COVID-19 Assessment Centre at St. Michael’s has adapted to ethically test children

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COVID-19 Assessment Centre at St. Michael’s has adapted to ethically test children

Toronto, November 17, 2020

By Maria Sarrouh

On Halloween, children walking into St. Michael’s COVID-19 assessment centre found the staff’s yellow medical gowns decorated to look like Minions costumes, an effort by staff to make the testing space more welcoming.
On Halloween, children walking into St. Michael’s COVID-19 assessment centre found the staff’s yellow medical gowns decorated to look like Minions costumes, an effort by staff to make the testing space more welcoming. Enlarge photo

Stickers, comfort positions and consent; these are just a few of the ways the St. Michael’s Assessment Centre has adapted its COVID-19 testing protocols for children.

A COVID-19 test can intimidate anyone. But walking into a hospital full of people wearing yellow gowns, face shields and gloves can be particularly scary for kids.

“It’s important that the experience isn’t traumatizing,” said Sarah Mattok, a Care and Transitions Facilitator at St. Michael’s who worked with the assessment centre to adapt it to young people. “The child might have to go through the test again, so we don’t want them to remember it as something terrible. We want to do everything we can to make it more comfortable.”

Staff have worked to make the space more welcoming to children since mid-August, when the St. Michael’s Assessment Centre began seeing more young people as schools prepared to re-open.

Staff decorated the walls of testing booths with stickers of alphabets, animals, planes and trains – a way to establish rapport with children and help distract them from the difficulty of the test.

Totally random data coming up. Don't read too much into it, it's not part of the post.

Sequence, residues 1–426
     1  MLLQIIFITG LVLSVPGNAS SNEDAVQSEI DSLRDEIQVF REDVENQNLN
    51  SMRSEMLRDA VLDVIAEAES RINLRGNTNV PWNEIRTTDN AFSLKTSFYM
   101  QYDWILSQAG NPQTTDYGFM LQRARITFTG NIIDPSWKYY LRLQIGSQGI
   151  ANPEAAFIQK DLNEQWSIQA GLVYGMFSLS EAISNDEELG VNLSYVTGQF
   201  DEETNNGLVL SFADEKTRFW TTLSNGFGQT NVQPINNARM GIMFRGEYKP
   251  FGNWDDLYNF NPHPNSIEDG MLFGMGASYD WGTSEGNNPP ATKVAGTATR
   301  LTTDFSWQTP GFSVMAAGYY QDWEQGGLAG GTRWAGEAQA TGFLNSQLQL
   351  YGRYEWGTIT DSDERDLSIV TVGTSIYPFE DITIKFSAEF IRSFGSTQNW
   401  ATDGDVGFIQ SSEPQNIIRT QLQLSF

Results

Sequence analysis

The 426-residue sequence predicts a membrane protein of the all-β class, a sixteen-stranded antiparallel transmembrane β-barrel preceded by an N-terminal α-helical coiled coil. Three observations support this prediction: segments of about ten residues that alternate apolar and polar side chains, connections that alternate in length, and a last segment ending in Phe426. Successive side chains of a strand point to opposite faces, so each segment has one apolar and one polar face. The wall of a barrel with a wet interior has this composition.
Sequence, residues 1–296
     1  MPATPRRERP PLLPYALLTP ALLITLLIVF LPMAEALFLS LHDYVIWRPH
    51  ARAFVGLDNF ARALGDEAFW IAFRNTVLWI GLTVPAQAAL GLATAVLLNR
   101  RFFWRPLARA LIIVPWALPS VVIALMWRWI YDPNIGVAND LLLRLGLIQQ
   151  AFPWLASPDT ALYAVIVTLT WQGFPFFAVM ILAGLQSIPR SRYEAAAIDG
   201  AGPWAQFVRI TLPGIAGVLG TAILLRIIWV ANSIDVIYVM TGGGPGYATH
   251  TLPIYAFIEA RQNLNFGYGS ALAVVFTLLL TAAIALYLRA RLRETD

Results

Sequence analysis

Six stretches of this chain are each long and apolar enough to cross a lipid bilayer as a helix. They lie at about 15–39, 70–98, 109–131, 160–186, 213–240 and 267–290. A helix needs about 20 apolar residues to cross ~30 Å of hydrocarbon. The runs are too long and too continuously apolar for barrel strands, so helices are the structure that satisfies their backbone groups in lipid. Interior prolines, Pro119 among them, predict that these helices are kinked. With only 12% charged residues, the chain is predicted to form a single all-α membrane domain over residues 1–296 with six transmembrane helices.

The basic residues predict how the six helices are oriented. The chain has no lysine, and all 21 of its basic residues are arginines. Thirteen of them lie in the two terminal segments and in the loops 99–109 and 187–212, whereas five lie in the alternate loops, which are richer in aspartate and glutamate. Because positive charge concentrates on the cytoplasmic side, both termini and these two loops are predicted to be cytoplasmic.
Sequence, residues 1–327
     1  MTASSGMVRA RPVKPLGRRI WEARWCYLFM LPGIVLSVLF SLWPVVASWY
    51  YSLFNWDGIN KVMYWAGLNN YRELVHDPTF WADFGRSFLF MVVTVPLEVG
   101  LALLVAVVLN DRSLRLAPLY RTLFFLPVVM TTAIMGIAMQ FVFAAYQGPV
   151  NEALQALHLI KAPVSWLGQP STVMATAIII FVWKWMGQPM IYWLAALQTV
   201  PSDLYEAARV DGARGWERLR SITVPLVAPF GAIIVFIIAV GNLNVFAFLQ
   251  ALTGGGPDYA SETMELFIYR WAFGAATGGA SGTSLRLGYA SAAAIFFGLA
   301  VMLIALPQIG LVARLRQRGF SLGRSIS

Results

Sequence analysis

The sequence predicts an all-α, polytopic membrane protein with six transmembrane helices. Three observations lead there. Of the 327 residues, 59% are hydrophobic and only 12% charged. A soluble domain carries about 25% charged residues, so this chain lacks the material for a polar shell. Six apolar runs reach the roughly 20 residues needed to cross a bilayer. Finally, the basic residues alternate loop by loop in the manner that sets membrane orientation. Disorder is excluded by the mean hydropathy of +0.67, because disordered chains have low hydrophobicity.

On Halloween, children walking into St. Michael’s COVID-19 assessment centre found the staff’s yellow medical gowns decorated to look like Minions costumes, another effort by staff to make the testing space more welcoming.

“It’s something for the children to look at and concentrate on, and helps make the space less sterile and hopefully less intimidating,” said Mattok.

Staff also worked with the Centre for Clinical Ethics (CCE), realizing that families could face challenges, including daycare costs and missed work, if their children were too afraid to be tested.

“We tried to put in place all the mechanisms we could so testing would be less intimidating, and families wouldn’t be put in a more difficult position,” said Dr. Jamie Robertson, a Clinical Ethicist at the CCE who serves Unity Health Toronto.

For toddlers or school age children, parents are now asked to hold their children in their lap or sit directly next to them, helping to hold their arms gently out of the way. This is an example of “comfort positioning”, a technique that can prevent injury during the procedure.

“It’s not a comfortable test. Even when I had it done, I wanted to yank the nurse’s hand away,” said Dr. Robertson. “To expect a five-year-old to go through it without some extra help and physical support is asking a lot.”